Special thanks to Paula Lee, Smithsonian Affiliations intern, for this guest post. This is the third of a five-part blog series she is writing as part of the Young Historians, Living Histories (YHLH) collaboration with the Asian Pacific American Center and our Affiliate network.
As we travel west to hear from our Affiliates at Pacific Aviation Museum Pearl Harbor (Honolulu, HI) we take flight almost literally, with those who once navigated overseas when aerial travel was a rare and exciting introduction to history. Shauna Tonkin, Director of Education at the Pacific Aviation Museum Pearl Harbor, connects us with Curtis Joe, immediate nephew of Chinese-American aviator and stunt pilot, Tom Gunn and Pan Am Japanese-American flight attendants, Mae Takahashi and Aileen Sodetani.
Tonkin partnered with Chris Facuri, Digital Media Teacher at Aliamanu Middle School, enabling the oral histories collected and edited throughout the school year to be incorporated into students’ curriculum. Participating students in the class took a field trip to visit the museum to meet Joe, Sodetani and Takahashi, where the entire group received a historical tour before sitting down for interviews. The two flight attendants live locally in Honolulu while Joe flew out from San Francisco to be a part of this project. All were very appreciative and realized the value of sharing the experiences that they’ve endured with younger generations. In response, the interactions with the pioneers made the experiences and stories come alive for the students studying them, activating their interests and courage to solicit knowledgeable questions.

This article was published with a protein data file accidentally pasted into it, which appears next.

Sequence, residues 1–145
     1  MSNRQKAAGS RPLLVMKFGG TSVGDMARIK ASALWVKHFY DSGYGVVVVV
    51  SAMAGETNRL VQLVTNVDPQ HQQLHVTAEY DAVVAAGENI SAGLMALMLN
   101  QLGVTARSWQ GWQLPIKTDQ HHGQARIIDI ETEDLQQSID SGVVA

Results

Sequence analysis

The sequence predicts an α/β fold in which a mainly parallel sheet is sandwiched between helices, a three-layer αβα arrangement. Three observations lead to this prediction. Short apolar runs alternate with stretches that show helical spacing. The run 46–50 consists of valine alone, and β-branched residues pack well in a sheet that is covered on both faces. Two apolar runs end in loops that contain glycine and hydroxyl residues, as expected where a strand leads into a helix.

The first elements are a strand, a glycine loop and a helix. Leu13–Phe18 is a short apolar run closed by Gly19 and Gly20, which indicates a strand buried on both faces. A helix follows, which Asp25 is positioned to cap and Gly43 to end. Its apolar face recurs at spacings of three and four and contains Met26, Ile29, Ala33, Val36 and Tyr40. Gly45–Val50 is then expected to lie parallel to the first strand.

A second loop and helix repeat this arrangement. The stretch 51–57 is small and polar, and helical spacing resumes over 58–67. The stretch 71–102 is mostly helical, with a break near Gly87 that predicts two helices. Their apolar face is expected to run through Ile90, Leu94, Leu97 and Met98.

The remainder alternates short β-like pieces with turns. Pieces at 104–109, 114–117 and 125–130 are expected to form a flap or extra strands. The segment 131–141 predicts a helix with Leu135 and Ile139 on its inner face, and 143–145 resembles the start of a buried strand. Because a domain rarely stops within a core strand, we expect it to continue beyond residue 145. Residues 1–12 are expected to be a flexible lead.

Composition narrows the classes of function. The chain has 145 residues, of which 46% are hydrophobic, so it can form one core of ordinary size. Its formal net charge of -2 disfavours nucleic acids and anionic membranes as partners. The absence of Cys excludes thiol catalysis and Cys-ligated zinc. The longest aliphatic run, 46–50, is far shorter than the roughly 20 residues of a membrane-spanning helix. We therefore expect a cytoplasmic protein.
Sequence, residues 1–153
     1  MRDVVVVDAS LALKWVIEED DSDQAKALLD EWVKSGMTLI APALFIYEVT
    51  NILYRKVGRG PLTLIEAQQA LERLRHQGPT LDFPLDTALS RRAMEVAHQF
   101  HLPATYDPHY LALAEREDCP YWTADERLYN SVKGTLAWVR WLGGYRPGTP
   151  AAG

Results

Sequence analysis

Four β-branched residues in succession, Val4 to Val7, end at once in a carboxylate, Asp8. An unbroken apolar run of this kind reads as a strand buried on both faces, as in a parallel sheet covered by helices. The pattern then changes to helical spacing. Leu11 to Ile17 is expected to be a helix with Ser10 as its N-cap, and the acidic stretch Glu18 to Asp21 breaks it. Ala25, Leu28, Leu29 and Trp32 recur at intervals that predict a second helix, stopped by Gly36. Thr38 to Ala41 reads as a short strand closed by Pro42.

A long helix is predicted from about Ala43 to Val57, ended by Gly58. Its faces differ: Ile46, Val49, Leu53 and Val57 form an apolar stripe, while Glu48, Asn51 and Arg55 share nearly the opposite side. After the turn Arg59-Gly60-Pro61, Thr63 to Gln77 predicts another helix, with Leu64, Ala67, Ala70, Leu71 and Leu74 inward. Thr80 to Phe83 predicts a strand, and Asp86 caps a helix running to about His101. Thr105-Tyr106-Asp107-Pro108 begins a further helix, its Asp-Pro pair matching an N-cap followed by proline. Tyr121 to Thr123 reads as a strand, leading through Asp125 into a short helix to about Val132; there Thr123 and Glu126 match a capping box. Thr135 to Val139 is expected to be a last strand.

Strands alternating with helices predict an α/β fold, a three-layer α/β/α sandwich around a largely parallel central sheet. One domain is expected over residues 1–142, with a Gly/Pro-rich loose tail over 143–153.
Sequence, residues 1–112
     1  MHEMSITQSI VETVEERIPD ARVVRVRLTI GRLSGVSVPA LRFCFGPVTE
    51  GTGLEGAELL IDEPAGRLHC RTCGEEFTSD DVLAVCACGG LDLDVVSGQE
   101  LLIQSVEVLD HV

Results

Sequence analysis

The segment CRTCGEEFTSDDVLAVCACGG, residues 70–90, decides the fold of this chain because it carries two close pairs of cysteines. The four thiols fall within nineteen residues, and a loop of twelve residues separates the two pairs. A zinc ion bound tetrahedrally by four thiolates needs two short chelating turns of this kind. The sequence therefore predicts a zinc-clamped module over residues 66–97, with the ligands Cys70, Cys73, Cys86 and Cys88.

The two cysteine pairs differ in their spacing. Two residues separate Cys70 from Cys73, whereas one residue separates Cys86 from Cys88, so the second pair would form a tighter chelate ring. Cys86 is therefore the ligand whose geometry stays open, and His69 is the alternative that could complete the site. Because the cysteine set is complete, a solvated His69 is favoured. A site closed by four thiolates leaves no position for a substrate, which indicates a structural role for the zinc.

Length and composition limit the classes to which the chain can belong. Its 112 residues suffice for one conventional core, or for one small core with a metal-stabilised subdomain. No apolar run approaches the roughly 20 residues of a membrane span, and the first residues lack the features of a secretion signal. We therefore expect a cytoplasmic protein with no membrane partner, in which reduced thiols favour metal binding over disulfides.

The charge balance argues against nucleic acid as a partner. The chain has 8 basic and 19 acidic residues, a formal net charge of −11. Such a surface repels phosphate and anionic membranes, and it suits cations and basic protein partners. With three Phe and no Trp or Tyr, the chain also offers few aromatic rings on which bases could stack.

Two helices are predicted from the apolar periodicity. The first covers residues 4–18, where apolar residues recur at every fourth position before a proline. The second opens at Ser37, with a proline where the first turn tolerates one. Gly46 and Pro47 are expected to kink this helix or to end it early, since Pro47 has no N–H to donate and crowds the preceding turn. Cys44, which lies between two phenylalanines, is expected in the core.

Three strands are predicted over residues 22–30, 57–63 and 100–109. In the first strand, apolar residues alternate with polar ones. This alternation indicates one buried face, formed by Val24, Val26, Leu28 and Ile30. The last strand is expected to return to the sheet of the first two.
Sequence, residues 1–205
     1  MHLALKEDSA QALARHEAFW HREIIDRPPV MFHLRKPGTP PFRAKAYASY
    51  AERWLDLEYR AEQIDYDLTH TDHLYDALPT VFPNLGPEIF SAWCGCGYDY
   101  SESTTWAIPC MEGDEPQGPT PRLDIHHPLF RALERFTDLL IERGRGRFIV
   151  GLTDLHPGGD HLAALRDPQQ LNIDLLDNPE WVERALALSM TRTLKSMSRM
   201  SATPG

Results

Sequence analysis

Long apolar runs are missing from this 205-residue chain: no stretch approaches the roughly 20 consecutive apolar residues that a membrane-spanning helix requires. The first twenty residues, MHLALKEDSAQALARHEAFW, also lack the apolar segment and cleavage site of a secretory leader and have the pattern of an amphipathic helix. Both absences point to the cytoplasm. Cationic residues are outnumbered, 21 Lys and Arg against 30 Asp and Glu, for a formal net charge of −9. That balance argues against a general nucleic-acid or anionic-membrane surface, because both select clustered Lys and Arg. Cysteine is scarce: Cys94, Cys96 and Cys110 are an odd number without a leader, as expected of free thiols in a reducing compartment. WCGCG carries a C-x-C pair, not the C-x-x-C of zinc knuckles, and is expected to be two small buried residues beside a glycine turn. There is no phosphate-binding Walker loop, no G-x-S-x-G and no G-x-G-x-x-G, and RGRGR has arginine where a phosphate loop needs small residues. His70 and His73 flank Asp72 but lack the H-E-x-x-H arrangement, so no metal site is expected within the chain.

Ford Island, where the museum is located is in the middle of Pearl Harbor, Honolulu, HI. On December 7, 1941, Japanese aircraft led a surprise attack initiating World War II. This led to a hard time for both Americans and Asian Americans, because the following year over 150,000 Japanese were ordered into internment camps although 62% of them were American citizens.